And the implications of the above for someone who is seeking access to something they did not create (and therefore do not actually own) is that they have no option but to ask the creator/owner for access to it.
In this video I discuss what to consider when creating a Google Account/YouTube channel for a client or third party but this can also be used to inform those who ask others to create Google Accounts for them:
7. Retaining access and security of a Google Account is the responsibility of the individual, the owner. Because the contract the individual agreed to is between the individual and Google and Google Accounts are a free service the gaining of access and security of an individual's Google Account is very much DIY. This is done with the Google Account Recovery tool.
I have dealt with this topic for over six years now and it has become painfully clear that confusion over correct setting up, ownership of assets and responsibility for security has led to many Google Accounts and their assets being lost to their owners or those who mistakenly believed themselves to be owners.
The thousands of cases I have seen over the years have three common themes:
- It's my video/me in the video- why does the YouTube channel's Google Account not belong to me? To which the answer is that copyright ownership of a video on a Google Account's asset ≠ proof of ownership of the Google Account and, with it, the YouTube channel.
- It's my company's YouTube channel and Google Account- why can I not be given access to the Google Account? To which the answer is that the Google Account is owned by the creator or the person who has control, and access can only be granted where the person seeking access is given it by the owner or can successfully use the recovery options put in place by the creator/owner.
- It's my Google Account but the email was academic/managed mail/run via Google Apps so why is it no longer available to me? To which the answer is- the email is kind of a Google Account already and is, therefore, owned by the supplier of the email address itself. So get in touch with the owner of the email service and see if they can assist you to regain control of the Google Account, something which is unfortunately not a certainty.
8. Security of a Google Account is vital. Making use of the offered options to secure the Google Account has become increasingly important as Google Accounts and their assets have become valuable commodities in the digital age. A monetised YouTube channel with a good number of subscribers or a viral video or two can be worth money to a hacker, and gaining control of a Gmail Google Account can have immeasurable impact if the Gmail is used for bank accounts and other valuable online activities.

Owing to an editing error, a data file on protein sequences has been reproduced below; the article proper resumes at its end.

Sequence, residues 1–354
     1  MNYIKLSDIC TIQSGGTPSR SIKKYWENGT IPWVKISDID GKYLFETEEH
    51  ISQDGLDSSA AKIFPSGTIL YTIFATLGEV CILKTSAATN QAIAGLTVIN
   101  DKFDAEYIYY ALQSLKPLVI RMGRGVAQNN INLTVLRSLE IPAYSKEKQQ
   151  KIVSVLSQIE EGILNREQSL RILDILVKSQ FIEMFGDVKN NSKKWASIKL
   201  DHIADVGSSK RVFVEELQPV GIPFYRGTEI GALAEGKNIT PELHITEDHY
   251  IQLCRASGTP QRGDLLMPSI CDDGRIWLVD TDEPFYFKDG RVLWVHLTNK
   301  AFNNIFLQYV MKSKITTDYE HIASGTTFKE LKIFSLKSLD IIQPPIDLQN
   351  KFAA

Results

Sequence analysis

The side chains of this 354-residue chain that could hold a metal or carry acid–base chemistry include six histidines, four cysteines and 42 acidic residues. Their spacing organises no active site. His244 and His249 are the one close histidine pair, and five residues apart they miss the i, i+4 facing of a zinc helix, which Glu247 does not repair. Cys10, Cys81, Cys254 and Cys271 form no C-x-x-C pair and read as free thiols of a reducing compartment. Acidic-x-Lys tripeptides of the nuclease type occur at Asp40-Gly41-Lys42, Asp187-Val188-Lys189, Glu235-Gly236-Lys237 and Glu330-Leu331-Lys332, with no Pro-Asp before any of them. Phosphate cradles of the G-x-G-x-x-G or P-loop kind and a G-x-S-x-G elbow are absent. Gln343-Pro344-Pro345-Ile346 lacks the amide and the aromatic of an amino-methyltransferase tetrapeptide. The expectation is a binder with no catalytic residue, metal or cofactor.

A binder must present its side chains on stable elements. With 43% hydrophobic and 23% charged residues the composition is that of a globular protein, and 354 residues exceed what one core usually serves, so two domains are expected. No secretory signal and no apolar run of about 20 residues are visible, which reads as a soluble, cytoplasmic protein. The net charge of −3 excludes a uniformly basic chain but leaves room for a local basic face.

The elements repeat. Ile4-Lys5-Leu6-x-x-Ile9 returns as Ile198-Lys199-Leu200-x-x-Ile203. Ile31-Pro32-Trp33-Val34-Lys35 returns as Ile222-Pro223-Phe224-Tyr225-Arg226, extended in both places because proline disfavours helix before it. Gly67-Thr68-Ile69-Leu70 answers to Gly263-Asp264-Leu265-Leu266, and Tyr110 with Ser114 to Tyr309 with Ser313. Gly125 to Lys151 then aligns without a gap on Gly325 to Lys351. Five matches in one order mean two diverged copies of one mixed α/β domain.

In response Google have seriously ramped up security in early 2015 to the point that sometimes even genuine owners are locked out, perhaps because they didn't make use of the option to set recovery options, or maintain those they had.
The answer here is to seriously consider 2-step verification in order to prevent this from ever being an issue. Read through the link and consider this- you can set up recovery email addresses, you can set up access/recovery phone and printable codes so that only you, with the device and/or codes can gain access. And you can get a U2F security key which adds an additional layer of security. You can even set your device up to be the trusted one so that you don't have to use your security features every time you sign in.
Now- I used to be wary of such things, careful to not give out my personal details online and steering clear of most anything which smacks of giving someone else control of my assets but having dealt with the consequences of outdated recovery options or none set in the first place, and how difficult it is to prove to Google that this doesn't mean that the users are not genuinely the owners- I cannot stress this enough.
- Do not assume that the person you are sharing access to your Google Account with will not accidentally (or purposely) delete something which cannot be recovered once deleted. Or lock you, the owner, out. It is why Google deem Google Accounts to be owned by individuals, not groups of people.
- Do not trust in a third party email service to be safe, if that is the email address you use for, say, your website's public email. Not naming names but a well-known email provider suffered serious security breaches which led to the Google Accounts secured only with those emails to be vulnerable and hacked en masse a couple of years ago.
- And do not rely on any security offered by Google if you don't also run malware/virus scans on your devices. Remote access malware and trojans don't need to gain access- they get in with you, as you sign in unaware of their presence.
- Never ignore alerts from Google about your Account security. They are always important. By all means question them (phishing is also an issue, which might contribute to some users ignoring important alerts) but then check with the Google help fora.
- Be vigilant and paranoid (but perhaps not quite so much where Google is concerned. At least in regard to your assets with them) and don't use an email which is publicly known.